There are only two examples of timid attempts in popularization of a concept already spread world over. But we talk about "fair trade" a concept with little chance of success in Romania without the retailers' support. But the commerce is bombarding the consumers day by day with slogans about the lowest prices, in what looks a desperate attempt to attract them. So, we spin in circle. What are the chances that a merchant would change his policy overnight and explain to the clients that they must pay more for a product just to support the farmers in the countries of the Third World? Can such a step succeed amidst the present economical crisis and the social problems faced by the majority of the Romanian consumers, especially?

Certainly it is not easy, but without the implication of the retail networks, the approaches of non-governmental organizations have little chance of success. Let's try to detail. The Fair Trade goods have a higher price from the start. Many times it overpasses the price of brand products with large market share. Only a few companies decided to import such products in Romania. Their low rotation speed must be compensated somewhere both by the retailers and by those who import the goods. It is a handicap and few companies are ready to risk their money if facing it. And yet we find such products. Most of them in coffee, cocoa or chocolate category. But this is not a general presence because not all the retail networks involved in listing such products. And yet these are first steps, timid true, an attempt to diversify the assortment and at the same time to get the loyalty of a segment of consumers with an income over the average.

 

Fair Trade - an opportunity for private brands

Paradoxically, Fair Trade concept can become an opportunity for the private brands. For this kind of goods, the implication of the retail networks is much more punctual. In such cases, the efforts of small importing companies are practically taken over by the retail networks. Using their own brands, they offer a support to the farmers but also an alternative to the consumers. At European level, the implication of the retail networks through projects of private brands under logo Fair Trade is a certainty. Many of them have made a market strategy out of development of such projects. We talk about projects developed at international level and taken over afterwards by diverse countries where the retailers are present. Upon monitoring attentively the Romanian market we are surprised to find out that the number of private brand items developed under Fair Trade brand is greater than the number of brands already existing on the market. It's clear that we talk about a very different report of forces, and that what looks difficult and expensive for the private companies, is almost insignificant for the large retail networks. We have seen such items in almost all distribution channels. On the whole we talk about projects taken over from international and implemented also in Romania. Thus, the choice of the items and enlargement of the assortment are the responsibility of the branches in Romania. As it was expected, we find such items in the already mentioned categories. There are yet products which open new categories, like tea or rice, the proof that some retail networks begin to take more and more seriously the Fair Trade products.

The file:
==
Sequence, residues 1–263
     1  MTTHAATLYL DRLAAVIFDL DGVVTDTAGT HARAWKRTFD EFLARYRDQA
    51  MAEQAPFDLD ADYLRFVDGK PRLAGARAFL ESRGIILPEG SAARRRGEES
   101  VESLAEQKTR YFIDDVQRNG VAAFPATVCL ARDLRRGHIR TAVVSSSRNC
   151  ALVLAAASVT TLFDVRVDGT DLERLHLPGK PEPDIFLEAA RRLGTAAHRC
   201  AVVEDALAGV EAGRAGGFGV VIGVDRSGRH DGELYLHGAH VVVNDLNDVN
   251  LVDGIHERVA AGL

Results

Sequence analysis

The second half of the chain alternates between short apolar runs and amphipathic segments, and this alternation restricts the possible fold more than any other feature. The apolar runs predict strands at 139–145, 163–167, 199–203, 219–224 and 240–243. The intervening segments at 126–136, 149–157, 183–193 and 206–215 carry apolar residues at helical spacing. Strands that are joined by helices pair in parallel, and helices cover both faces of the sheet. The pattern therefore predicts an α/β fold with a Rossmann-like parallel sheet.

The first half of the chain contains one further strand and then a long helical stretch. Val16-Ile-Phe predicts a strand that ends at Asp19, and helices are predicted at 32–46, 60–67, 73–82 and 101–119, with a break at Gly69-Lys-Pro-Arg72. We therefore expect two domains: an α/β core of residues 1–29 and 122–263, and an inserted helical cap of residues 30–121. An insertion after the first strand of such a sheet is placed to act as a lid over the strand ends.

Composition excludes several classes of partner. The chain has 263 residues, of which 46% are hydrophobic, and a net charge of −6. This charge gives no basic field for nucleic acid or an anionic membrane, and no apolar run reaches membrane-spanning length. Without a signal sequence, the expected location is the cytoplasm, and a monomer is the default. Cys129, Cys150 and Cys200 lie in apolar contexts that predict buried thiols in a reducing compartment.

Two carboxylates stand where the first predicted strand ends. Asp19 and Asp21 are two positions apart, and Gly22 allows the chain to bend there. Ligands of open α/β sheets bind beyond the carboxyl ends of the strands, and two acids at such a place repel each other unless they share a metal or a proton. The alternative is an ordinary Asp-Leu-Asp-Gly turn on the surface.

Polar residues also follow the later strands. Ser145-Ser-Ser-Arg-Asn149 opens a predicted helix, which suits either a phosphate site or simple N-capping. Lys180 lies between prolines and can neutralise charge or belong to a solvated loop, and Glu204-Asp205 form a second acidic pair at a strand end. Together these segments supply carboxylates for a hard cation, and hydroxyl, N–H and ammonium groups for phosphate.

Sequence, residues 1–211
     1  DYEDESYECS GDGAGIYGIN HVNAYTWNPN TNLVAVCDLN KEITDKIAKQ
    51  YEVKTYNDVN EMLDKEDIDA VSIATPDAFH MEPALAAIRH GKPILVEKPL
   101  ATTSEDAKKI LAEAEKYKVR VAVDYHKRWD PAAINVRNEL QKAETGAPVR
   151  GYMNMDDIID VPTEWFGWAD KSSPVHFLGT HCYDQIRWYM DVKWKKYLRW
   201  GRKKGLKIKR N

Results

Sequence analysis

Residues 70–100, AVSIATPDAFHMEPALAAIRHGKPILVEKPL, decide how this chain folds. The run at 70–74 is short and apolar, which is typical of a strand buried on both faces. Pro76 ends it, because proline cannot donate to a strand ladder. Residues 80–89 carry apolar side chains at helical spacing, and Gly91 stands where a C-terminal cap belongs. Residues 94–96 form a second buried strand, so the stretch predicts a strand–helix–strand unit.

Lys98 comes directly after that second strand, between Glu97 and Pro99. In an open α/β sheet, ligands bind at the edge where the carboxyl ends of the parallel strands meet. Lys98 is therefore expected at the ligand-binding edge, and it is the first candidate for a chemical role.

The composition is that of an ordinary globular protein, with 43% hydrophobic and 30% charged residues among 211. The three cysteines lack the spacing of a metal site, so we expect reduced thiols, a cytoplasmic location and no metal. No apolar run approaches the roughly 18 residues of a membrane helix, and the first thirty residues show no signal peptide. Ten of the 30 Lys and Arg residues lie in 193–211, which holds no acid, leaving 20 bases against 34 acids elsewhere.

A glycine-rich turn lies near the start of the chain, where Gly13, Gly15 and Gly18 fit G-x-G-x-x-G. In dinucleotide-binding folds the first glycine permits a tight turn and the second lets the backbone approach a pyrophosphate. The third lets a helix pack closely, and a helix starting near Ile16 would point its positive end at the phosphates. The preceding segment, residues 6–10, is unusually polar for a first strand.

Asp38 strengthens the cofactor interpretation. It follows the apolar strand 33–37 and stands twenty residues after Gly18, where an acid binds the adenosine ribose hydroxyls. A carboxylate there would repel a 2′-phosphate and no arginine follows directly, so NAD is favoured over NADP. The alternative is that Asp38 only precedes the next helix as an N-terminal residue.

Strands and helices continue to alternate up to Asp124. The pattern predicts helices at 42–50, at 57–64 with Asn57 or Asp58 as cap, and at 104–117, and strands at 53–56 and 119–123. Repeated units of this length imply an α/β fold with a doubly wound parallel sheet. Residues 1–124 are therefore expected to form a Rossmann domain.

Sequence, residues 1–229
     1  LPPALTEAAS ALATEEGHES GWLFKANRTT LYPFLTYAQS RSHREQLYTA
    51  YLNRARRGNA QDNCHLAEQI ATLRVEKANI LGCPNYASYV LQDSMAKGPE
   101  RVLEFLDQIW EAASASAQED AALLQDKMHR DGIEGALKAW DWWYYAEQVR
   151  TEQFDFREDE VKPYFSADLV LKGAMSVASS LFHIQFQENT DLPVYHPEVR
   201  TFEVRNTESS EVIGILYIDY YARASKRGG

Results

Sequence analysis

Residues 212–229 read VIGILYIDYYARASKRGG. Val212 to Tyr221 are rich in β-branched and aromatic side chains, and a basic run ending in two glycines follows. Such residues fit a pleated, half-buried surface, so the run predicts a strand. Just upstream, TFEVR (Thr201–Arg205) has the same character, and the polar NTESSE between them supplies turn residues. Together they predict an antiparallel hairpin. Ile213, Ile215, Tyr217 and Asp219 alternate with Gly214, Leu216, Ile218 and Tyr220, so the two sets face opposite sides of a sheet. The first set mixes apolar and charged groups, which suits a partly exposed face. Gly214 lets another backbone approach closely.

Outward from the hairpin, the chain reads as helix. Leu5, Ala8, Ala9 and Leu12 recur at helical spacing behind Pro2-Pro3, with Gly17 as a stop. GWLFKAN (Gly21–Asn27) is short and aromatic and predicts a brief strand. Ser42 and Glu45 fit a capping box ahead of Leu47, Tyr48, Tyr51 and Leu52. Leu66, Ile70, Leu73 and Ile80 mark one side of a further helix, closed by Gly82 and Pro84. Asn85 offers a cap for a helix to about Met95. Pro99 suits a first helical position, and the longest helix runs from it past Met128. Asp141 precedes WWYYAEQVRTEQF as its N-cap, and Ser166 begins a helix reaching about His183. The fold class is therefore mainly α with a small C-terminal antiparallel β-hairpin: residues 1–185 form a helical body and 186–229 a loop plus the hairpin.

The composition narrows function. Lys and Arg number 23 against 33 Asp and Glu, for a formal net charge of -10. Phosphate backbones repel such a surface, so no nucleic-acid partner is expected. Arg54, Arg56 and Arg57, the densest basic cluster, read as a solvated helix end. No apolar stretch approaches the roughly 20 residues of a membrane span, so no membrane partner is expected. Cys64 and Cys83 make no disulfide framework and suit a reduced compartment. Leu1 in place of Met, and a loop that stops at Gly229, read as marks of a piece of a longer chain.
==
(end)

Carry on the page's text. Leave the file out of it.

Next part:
Strategically, by positioning the price on upper tier, the Fair Trade goods are not cheap. That is exactly why they will not be found in the prime price categories, but rather under mainstream or premium brands. There are also positioning under brands BIO, associated with ecologic agriculture, like the brand Carrefour Agir. A special remark for Mega Image, a network whose assortment of Fair Trade goods is by far the most varied.

 

Rioba brand, open for Fair Trade

Metro Romania have recently included into the assortment of their brand Rioba, brand destined especially to HoReCa channel, a line of teas Fair Trade in two distinct packages. We can find out here types which are using ingredients certified Fair Trade, in varying percentages, like teas of sorrel, red fruits, green tea or English mix. The two packing used by Metro are for packages of 20 respectively 50 tea bags.    

We cannot close without underlying a first step also made by Kaufland people. The German retailer launched on their site, a page to inform the consumers about the Fair Trade concept. This is a first step made by a retailer in an attempt to educate the consumers and to popularize the concept.

Florin Frasineanu